Thats more victories than Tom Johnson, Harry Sinden or Terry OReilly individually collected changing lines behind the Boston bench.

Who would have ever thought that possible when Julien took over a busted hockey franchise with newly minted GM Peter Chiarelli five years ago?

Actually, Julien probably did think of it. But he'll never crow about it, just as he didnt seek out glory for a career milestone that was certainly worth talking about.

Saturday, Oct. 22: Coyotes' growing pains


Saturday, Oct. 22: Coyotes' growing pains

Here are the links from around the hockey world, and what I’m reading, while suffering from the same “general soreness” as Tuukka Rask.

*The Arizona Coyotes are suffering from growing pains that were extremely evident during a winless road trip.

*Steve Dangle is obviously jacked and pumped about his Maple Leafs, but wondering about the future of Roman Polak. But aren’t we all at this point?

*Old friends Johnny Boychuk and Dennis Seidenberg both scored the victorious Islanders in a Friday night win.

*Clarke MacArthur isn’t ready to retire even as concussion issues are really starting to impact his ability to stay on the ice.

*Teemu Selanne gives fellow Finn Patrick Laine a thumbs up as he was in town for events with his former Winnipeg Jets.

*Pro Hockey Talk has the details on noted Bruins killer Dale Weise getting suspended for three games after some dirty activity with the Philadelphia Flyers.

*For something completely different: Geoff Edgers has been trying to reach Bill Murray for weeks, and here’s what happened when he finally called back.


Bruins looking for a lift from stagnant power play


Bruins looking for a lift from stagnant power play

BRIGHTON, Mass. – One area where the Bruins are looking for more after a mostly positive first four regular-season games: the power play.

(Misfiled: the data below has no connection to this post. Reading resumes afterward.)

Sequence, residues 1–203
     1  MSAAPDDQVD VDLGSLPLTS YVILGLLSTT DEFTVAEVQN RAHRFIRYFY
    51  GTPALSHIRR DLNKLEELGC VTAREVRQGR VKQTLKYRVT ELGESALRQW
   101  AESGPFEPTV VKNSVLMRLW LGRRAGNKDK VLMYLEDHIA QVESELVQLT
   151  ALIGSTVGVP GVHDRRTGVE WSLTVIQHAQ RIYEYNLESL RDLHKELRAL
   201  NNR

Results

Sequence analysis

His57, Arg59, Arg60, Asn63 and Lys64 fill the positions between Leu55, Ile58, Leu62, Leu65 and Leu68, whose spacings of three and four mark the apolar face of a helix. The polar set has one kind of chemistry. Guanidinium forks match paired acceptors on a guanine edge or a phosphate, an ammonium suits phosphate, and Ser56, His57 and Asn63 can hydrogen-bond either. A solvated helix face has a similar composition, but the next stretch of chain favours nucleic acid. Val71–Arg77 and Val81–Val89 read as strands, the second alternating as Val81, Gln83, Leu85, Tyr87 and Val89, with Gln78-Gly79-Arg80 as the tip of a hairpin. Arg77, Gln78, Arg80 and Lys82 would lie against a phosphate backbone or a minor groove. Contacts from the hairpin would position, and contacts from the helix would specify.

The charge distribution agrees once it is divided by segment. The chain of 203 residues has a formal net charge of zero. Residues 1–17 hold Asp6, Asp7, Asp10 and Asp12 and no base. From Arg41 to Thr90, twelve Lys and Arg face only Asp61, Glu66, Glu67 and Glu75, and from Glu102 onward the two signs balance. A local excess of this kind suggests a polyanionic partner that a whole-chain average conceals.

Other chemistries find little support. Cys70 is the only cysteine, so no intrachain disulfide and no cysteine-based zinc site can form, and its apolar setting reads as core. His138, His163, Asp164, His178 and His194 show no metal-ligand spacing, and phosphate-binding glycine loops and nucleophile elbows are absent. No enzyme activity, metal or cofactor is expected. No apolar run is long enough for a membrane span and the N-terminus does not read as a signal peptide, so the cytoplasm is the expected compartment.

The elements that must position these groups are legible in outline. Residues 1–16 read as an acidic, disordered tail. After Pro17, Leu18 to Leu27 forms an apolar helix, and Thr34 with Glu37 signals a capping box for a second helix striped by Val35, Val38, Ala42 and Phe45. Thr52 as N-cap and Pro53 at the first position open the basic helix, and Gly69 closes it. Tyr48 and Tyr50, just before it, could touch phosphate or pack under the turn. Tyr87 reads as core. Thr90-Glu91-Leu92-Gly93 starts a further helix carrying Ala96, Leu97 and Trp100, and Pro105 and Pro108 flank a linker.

The B’s are a downright gross 1-for-14 on the man-advantage to start the season and were 0-for-4 on Thursday night while squeaking out a last-minute win over the New Jersey Devils. The early-season 7.1 percent success rate doesn’t have them last in the NHL, but only the Vancouver Canucks and Calgary Flames have performed at a lower PP clip.

It’s a subject that Claude Julien knew was coming from the B’s media, and so he was ready to answer for it ahead of Saturday night’s rivalry renewal with the Montreal Canadiens.

“I knew it was just a matter of time before that question came. It is what it is. I think we had some opportunities, but we haven’t finished,” said Julien. “At the end of the day our power play is judged by whether you score or not, and I thought our second period [vs. the Devils] wasn’t great. But our third period had some really good power plays, but we didn’t manage to score.

“Where we need to get to right now [on the power play], is to find a way to finish. There’s no doubt the absence of Patrice Bergeron there brings somebody else in, and maybe there’s not as much chemistry as we’re used to. But I think with him back now we can even be better, and get a little more movement…not be so stagnant. When we struggle a bit it’s because we’re a little stagnant, and we need to get a little better there.”

Quite a bit of the struggles go back to Bergeron missing the first three games of the season and the top power-play unit missing No. 37 from his trademark bumper role at the center of the PP action. The power play remained scoreless as the unit adjusted to Bergeron's return on Thursday night, but it seemed that things started to click a little bit as that game went on.

“It’s not moving right now. We’ll just work through it. There were times last year where it let us down, and there were times last year where it helped us through some tough moments,” said Torey Krug of the PP. “Right now we’re able to play through it, but at some point this team is going to need this PP to step up and score some goals. We rely on that, and the guys on the power play take a lot of pride in it.

“[Bergeron] does a lot of things for us. Instead of me having to go all the way to the other end to break the puck out where I’m losing 20 seconds and frankly it’s tiring to break the puck out, now we have him winning face-offs and we’re starting with the puck in the zone. That’s a big thing, and he collects puck like nobody else in the league. With him back on the power play it brings another important player to the forefront, but it’s a five man unit and when everything’s working out there [on the PP] we have a good unit.”

Now with Ryan Spooner expected to rejoin the B’s lineup, after being healthy scratch vs. New Jersey, that adds another dangerous power-play weapon that practiced with that unit on Saturday morning ahead of the traditional morning skate. The hope is that installing Bergeron and Spooner will help kick-start a special teams unit that’s been less than explosive, and not quite cohesive, in the first four games of the season.